I can’t be the only one that’s still awe-struck by bots. The idea that you can book a flight abroad, order a meal from Burger King, or refresh your wardrobe by chatting to an algorithm is nothing short of mind-boggling to me.
At the forefront of this revolution in how people interact with brands has been Facebook, with Skype closely following. But that gap looks set to narrow, as Microsoft just announced five new bots, most of which tie into key travel and lifestyle brands.
“We're hunting for awesome startups”
Run an early-stage company? We're inviting 250 to exhibit at TNW Conference and pitch on stage!
The one I’m most excited about is for Skyscanner – one of the world’s biggest flight search engines. This lets you book tickets and find the cheapest fares, all from within your Skype window. The SkyScanner bot can also look for flights just based on vague places and dates, like “Belfast in April“, or “The Netherlands“.
This would be the third conversational bot Skyscanner has introduced, with the first being released three months ago for Facebook.
Skyscanner isn’t the sole key travel player Microsoft has partnered with. It’s also created a Hipmunk bot. As you might expect, this can book hotels and flights on your behalf, as well as dispense general travel advice. Think of it like speaking to a travel agent over IM.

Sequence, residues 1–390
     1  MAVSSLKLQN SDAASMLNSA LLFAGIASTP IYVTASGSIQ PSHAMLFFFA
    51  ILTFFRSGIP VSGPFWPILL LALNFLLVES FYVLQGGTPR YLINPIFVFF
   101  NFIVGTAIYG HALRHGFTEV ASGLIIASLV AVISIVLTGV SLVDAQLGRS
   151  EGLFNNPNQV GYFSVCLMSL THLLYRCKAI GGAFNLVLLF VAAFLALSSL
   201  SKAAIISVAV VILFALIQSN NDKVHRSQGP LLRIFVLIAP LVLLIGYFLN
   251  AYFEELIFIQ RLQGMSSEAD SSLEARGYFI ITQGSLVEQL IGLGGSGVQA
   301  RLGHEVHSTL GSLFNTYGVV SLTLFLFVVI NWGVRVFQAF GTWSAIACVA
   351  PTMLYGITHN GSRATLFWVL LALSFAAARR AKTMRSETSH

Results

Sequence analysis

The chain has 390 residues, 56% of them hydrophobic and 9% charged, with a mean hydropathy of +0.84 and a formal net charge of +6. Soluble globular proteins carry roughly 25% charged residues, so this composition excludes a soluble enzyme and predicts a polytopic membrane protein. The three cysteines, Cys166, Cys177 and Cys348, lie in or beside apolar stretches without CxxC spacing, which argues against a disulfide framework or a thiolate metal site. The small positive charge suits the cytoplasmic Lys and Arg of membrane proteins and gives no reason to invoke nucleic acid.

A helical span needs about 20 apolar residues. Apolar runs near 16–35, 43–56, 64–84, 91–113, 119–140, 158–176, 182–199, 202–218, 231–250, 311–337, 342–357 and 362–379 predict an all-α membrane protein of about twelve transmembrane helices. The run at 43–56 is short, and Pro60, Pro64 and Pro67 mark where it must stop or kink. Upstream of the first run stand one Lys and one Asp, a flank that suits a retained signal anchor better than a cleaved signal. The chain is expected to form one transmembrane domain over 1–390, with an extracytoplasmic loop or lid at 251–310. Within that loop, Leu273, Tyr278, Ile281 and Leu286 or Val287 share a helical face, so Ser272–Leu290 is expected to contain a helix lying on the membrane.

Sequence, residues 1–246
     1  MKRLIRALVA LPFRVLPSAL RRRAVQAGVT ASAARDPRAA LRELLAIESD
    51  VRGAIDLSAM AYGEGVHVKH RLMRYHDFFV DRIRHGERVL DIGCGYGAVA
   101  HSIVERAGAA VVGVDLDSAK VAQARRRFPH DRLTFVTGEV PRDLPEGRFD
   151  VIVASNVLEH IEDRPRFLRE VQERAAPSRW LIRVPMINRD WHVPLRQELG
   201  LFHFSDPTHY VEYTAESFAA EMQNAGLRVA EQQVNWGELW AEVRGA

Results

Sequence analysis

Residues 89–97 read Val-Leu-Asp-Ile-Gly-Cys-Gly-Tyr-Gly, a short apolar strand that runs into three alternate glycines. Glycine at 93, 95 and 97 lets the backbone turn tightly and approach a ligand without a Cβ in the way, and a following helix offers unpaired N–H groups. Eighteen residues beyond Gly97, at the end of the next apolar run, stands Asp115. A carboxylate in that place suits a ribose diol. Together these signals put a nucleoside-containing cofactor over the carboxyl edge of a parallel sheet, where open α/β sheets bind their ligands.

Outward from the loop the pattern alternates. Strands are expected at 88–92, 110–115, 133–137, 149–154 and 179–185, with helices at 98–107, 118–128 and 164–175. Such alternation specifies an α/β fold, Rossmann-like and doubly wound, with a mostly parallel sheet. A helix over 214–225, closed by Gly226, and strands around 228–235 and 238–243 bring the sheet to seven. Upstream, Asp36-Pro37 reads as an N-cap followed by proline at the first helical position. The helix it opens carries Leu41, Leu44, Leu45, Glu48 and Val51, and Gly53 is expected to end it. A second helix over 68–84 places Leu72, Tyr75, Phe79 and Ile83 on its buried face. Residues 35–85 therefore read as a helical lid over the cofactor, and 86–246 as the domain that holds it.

There’s also a StubHub bot which makes it easier to buy and sell tickets to plays, concerts, and sporting events at a steeply-inflated price. Probably the most practical of the bunch is the IFTTT bot, which can message you when a particular thing happens, or someone shows up at your door.
Finally, there’s a Spock bot. Yes, from Star Trek. This teaches you the ways of Vulcan logic, but struggles to tell you why the latest films have been so terrible.
Over the past few years, Skype has steadily lost ground to FaceBook and WhatApp when it comes to instant messaging, as well as products like FaceTime and appear.in on the video chatting front. Whether bots could be the magic factor which breathes life into this ailing products remains to be seen.